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Russia to quit International Space Station ‘after 2024’ | Space News


The Roscosmos director said the space agency will focus on creating its own orbital outpost when it leaves the multilateral project.

Russia has decided to leave the International Space Station (ISS) after 2024 and focus on creating its own orbital outpost, according to the country’s newly appointed space agency head.

“We will, of course, fulfill all our obligations to our partners, but the decision to leave this station after 2024 has been made,” Roscosmos General Director Yury Borisov told Russian President Vladimir Putin in a comment. argument released by the Kremlin on Tuesday.

Borisov, who was appointed by Putin earlier this month in a shake-up of the Russian space agency, said Russia would “begin to shape up” the proposed Russian Orbital Station (ROSS) as it exits the multilateral effort. at a time of high tension between Moscow and the West over the previous invasion of Ukraine.

He told Putin: “The main priorities will be made towards the creation of the Russian orbital station.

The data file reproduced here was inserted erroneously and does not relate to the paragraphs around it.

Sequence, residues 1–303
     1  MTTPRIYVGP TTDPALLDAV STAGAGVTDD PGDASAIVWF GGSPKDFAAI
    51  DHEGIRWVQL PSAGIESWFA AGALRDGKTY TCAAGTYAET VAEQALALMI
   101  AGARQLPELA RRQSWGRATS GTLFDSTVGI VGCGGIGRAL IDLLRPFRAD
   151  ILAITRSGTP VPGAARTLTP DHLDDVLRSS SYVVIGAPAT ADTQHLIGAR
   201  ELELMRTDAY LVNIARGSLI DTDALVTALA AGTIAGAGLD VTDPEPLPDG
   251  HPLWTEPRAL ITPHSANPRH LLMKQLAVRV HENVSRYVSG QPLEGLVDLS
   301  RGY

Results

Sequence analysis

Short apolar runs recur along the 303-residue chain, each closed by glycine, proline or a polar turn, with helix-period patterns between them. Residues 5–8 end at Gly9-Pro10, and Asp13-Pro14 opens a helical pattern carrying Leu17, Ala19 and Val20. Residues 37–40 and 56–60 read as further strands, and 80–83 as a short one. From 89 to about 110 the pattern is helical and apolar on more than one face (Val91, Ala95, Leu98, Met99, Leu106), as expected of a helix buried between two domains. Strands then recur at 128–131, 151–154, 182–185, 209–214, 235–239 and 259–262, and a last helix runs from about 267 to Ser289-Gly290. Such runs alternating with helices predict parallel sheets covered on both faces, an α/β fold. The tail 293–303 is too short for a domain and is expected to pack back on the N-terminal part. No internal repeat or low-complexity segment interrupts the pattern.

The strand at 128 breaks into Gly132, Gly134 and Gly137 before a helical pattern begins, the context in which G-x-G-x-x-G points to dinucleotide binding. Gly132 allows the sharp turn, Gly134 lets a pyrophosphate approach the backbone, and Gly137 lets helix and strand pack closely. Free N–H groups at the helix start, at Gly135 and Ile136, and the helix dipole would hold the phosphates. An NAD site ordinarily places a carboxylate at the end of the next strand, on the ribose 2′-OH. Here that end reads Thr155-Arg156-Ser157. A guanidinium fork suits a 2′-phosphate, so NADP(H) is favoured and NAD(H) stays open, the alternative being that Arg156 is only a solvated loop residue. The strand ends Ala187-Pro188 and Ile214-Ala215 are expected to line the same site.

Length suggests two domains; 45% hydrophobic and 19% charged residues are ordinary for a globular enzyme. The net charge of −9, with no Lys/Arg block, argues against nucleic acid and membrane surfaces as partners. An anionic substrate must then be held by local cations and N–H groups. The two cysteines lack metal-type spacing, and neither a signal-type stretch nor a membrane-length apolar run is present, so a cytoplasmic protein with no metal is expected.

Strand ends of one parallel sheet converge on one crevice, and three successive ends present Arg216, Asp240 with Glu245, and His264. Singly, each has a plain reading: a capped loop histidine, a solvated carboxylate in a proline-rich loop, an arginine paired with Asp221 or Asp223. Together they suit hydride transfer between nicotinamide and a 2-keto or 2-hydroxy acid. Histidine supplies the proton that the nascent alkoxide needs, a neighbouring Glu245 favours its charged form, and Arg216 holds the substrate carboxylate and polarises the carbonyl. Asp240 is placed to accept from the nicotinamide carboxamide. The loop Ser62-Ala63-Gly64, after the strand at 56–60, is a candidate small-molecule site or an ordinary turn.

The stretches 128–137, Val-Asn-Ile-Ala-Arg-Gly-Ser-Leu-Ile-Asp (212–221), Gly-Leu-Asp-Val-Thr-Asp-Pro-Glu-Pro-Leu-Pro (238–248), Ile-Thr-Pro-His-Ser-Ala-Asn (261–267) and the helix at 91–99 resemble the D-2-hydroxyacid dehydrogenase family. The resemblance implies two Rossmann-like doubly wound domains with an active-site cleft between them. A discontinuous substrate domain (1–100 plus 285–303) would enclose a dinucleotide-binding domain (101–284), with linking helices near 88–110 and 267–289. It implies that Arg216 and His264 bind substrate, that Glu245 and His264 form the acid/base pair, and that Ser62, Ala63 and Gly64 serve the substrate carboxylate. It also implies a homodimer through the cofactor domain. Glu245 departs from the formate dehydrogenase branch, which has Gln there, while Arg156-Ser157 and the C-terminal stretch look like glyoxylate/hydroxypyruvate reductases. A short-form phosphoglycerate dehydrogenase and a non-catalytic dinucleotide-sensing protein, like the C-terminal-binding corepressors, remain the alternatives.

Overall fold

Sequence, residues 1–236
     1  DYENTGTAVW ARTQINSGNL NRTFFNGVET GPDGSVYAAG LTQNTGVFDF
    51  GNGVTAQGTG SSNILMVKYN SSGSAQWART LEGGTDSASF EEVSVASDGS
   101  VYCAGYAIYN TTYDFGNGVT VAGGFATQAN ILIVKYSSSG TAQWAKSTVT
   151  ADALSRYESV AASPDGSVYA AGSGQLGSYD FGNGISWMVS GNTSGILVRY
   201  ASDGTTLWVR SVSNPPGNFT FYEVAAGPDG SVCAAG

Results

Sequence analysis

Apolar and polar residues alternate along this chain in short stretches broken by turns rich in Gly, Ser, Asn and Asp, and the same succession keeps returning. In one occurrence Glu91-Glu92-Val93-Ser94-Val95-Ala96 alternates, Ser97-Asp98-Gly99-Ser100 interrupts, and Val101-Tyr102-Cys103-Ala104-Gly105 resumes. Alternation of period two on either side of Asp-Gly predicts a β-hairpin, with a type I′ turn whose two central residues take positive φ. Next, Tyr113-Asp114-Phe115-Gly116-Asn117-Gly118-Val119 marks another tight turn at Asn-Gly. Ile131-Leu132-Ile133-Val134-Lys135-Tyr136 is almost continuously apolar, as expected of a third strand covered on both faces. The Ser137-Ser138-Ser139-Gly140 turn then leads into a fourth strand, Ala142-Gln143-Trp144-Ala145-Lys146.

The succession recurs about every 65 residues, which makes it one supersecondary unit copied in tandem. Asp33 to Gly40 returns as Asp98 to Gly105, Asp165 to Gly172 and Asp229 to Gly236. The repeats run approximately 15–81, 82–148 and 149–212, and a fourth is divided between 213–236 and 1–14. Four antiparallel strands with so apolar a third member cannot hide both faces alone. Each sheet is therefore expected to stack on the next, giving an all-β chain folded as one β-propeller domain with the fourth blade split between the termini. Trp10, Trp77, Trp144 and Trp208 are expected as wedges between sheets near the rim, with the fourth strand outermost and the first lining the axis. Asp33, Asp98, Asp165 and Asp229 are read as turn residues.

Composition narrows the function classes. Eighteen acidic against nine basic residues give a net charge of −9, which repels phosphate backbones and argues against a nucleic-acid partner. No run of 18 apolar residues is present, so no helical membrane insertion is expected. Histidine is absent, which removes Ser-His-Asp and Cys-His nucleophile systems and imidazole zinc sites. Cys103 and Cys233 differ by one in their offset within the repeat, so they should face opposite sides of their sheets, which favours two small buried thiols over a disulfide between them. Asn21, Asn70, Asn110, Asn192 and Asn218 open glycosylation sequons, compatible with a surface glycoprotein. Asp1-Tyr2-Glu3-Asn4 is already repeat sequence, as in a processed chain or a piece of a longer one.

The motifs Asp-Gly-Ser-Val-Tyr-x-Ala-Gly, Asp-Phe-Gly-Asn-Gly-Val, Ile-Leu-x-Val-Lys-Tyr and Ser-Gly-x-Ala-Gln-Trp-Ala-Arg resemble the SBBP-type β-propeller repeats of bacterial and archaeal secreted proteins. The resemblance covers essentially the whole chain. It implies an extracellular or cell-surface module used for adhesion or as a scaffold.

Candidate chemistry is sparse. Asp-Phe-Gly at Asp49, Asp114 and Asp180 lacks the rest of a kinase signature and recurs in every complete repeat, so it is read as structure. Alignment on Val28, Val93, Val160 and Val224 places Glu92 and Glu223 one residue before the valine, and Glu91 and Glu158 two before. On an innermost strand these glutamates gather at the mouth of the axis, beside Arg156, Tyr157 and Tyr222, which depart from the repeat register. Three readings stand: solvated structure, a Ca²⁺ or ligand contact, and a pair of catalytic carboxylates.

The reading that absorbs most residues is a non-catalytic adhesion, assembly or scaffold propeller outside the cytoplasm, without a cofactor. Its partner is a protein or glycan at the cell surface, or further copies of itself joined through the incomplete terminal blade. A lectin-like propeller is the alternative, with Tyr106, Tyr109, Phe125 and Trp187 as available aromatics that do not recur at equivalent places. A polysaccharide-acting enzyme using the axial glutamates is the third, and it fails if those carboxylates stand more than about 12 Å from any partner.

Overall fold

Borisov’s statement reaffirms previous Russian statements space officials about Moscow’s intentions to leave the space outpost – a program of cooperation between Europe, the United States, Russia, Canada and Japan – in the coming years.

Launched in 1998, the research platform orbiting about 400 km (250 mi) above Earth has been continuously occupied since November 2000, providing a hub for astronauts to perform a variety of different research projects.

NASA, Roscosmos make landmark deal

Borisov’s comments come after Roscosmos announced earlier this month that they had signed landmark agreement with the US space agency NASA on integrated flights and crews on the ISS – a rare example of cooperation between Moscow and Washington in recent years.

The agreement ensures that the space station will always have at least one American and one Russian on board to keep both sides of the orbiting outpost running smoothly, according to NASA and Russian officials.

NASA and Roscosmos, core partners of the space station for two decades, have been seeking to innovate the integration process for many years. flight with crew is part of a longstanding civil union of agencies.

The first integrated flights under the new agreement will take place in September, according to NASA.

They will see US astronaut Frank Rubio launch to the space station from the Baikonur Cosmodrome chartered by Moscow in Kazakhstan with two cosmonauts, Sergey Prokopyev and Dmitry Petelin.

In return, astronaut Anna Kikina will join two US astronauts and one Japanese astronaut on a SpaceX Crew Dragon flight to the orbiting laboratory, launched from NASA’s Kennedy Space Center in Florida, USA. Ky.



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